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Biden thinks Putin wants to save Russia’s fierce reputation on the world stage


Coming out of a face-to-face meeting with Vladimir Putin, President Joe Biden argued that the Russian president knows he needs to improve the country’s reputation on the international stage.

Putin is afraid, Biden conjectured, that “his credibility in the world is diminishing” as Russia’s human rights abuses, attacks on the free press, and reputation for interference in foreign elections increasingly define how the rest of the world considers the country.

“How would it be if the United States was seen by the rest of the world as directly interfering with the elections of other countries and everyone knew it?” Biden asked, referring to US intelligence findings that Russia attempted to interfere in the last two US presidential elections. “How would it be if we engaged in activities in which he is engaged?” It diminishes the reputation of a country that is desperately trying to ensure that it retains its position as a great world power. “


PETER KLAUNZER via Getty Images

Joe Biden and Vladimir Poutin shake hands when they meet in Geneva.

Biden, speaking to reporters in Geneva shortly after Putin held his own press conference, said they had had a productive conversation about avoiding conflict, accepting arms control measures, consequences of human rights violations and the detention of two American citizens in Russia – Paul Whelan and Trevor Reed.

But moving forward on these issues requires a wait-and-see approach, Biden admitted.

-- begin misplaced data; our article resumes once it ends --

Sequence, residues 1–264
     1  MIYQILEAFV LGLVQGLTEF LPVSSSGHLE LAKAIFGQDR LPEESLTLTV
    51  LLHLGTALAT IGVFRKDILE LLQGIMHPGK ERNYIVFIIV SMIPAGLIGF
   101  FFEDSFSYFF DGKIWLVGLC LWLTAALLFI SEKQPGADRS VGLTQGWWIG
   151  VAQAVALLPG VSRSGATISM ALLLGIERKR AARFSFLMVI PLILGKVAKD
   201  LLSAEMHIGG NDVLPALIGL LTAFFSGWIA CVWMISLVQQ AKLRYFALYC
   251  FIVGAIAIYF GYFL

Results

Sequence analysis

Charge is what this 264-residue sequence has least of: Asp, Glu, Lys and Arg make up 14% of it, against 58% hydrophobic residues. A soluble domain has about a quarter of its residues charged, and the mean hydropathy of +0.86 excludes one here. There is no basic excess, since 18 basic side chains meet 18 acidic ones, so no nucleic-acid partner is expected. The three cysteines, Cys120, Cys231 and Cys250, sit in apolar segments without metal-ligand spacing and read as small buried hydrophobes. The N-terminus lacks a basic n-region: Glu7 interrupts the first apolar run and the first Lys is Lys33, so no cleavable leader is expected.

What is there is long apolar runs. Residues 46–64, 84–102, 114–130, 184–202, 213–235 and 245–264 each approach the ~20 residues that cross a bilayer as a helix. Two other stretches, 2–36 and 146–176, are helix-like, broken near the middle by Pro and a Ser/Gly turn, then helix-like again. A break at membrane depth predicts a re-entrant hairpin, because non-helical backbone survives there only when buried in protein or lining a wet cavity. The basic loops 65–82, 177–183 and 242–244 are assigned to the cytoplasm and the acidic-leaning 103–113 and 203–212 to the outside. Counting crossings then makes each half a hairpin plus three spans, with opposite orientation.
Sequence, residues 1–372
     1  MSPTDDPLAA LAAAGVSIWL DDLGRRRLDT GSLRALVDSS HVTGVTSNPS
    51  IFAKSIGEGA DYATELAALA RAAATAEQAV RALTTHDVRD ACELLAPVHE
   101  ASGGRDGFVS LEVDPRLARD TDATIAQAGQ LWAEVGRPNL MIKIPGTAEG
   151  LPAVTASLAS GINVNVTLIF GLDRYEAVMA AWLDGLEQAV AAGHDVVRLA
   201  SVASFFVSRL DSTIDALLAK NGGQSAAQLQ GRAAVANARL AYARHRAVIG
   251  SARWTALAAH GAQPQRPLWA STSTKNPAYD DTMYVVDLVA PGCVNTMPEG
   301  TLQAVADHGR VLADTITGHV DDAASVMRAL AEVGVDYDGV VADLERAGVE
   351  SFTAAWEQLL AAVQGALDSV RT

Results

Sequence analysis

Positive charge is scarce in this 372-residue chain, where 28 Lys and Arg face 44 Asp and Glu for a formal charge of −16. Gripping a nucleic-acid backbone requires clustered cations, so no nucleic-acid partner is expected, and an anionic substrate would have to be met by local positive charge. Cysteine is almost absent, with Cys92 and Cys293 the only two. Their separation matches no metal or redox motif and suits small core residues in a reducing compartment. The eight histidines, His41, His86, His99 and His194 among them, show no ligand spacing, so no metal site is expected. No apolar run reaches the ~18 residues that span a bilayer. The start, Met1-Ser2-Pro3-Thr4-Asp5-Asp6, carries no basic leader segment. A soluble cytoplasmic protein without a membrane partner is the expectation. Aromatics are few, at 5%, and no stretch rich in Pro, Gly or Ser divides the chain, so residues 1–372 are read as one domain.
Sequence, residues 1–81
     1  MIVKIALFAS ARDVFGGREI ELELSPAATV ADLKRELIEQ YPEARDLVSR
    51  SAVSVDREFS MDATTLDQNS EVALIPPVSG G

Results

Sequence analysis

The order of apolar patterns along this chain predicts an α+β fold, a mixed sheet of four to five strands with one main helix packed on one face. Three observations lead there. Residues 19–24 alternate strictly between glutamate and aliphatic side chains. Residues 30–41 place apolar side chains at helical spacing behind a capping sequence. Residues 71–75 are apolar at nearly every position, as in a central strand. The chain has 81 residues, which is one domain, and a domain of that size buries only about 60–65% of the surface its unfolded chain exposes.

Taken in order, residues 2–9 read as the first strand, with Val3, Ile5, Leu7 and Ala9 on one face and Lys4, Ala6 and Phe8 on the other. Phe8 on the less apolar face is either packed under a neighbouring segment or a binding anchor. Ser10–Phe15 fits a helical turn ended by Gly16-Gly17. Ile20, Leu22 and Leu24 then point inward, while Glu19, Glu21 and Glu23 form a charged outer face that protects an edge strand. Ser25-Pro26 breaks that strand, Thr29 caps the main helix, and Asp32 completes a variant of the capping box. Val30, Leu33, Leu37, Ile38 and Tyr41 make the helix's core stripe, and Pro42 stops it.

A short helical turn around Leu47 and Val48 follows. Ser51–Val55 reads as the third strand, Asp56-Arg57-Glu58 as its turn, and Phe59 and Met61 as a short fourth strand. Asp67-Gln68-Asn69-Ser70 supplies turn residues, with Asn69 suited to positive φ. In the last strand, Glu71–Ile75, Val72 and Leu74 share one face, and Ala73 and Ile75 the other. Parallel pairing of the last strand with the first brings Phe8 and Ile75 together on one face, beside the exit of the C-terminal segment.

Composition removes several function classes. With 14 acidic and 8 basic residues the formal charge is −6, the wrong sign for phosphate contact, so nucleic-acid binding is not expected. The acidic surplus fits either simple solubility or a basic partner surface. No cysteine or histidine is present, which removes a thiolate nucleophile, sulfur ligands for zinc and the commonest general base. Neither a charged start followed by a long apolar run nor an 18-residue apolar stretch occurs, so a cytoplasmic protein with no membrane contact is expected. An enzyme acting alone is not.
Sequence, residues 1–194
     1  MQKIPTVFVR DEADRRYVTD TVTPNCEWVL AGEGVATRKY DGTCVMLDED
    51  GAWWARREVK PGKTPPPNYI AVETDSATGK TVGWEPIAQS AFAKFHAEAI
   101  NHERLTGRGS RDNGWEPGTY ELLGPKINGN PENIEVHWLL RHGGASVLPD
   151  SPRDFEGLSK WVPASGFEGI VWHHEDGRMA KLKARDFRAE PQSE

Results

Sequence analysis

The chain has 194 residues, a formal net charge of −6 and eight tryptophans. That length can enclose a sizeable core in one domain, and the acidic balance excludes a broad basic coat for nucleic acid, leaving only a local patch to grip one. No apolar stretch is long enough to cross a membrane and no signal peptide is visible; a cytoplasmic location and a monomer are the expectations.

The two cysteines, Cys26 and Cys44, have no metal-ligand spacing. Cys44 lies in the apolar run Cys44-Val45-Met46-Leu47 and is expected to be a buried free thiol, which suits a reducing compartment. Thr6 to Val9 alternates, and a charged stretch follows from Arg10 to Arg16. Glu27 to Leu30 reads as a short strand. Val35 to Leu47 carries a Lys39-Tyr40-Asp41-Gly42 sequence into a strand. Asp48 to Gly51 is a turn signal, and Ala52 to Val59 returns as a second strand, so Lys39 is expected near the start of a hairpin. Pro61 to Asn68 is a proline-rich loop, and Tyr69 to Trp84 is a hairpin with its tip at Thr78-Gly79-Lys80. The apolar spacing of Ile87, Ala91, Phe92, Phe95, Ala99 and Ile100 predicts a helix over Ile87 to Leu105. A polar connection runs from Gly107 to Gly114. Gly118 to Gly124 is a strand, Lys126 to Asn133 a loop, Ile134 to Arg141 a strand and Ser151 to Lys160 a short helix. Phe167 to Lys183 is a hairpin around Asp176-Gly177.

“We will know in the next six months to a year whether or not we really have a strategic dialogue that matters,” said the president. “We will find out if we are working to handle everything from the release of people to Russian prisons or not. We’ll see if we have a cybersecurity deal that starts to clean up. “

But Putin, by Biden’s own admission, is far from a reliable negotiator. Biden confessed in 2014 that he had looked Putin in the eye before and said, “I don’t think you have a soul.”

However, Biden bristled when reporters asked how he could trust Putin.

“It’s not a matter of trust,” he said. “It’s about self-interest and self-interest verification.”

The President became visibly upset towards the end of his press conference as reporters continued to challenge him about it, especially when CNN’s Kaitlan Collins asked him how he could be “so confident. [Putin] will change his behavior ”as the Kremlin chief just spent his press conference denying Russia’s role in any cyberattack, downplaying the country’s human rights violations and refusing to recognize Alexei Navalny, a virulent critic of Putin who is currently in jail in Russia.

Biden broke the characterization.

“I am not convinced that he will change his behavior. Where the hell do you do all the time? When did I say I was confident? … I said that what will change their behavior is if the rest of the world reacts to them and it diminishes their position in the world. I don’t trust anything. I am only stating the facts.

Biden then apologized to reporters before boarding Air Force One.

“I owe my last caller an apology,” he said. “I shouldn’t have been such a wise guy for the answer I gave.”

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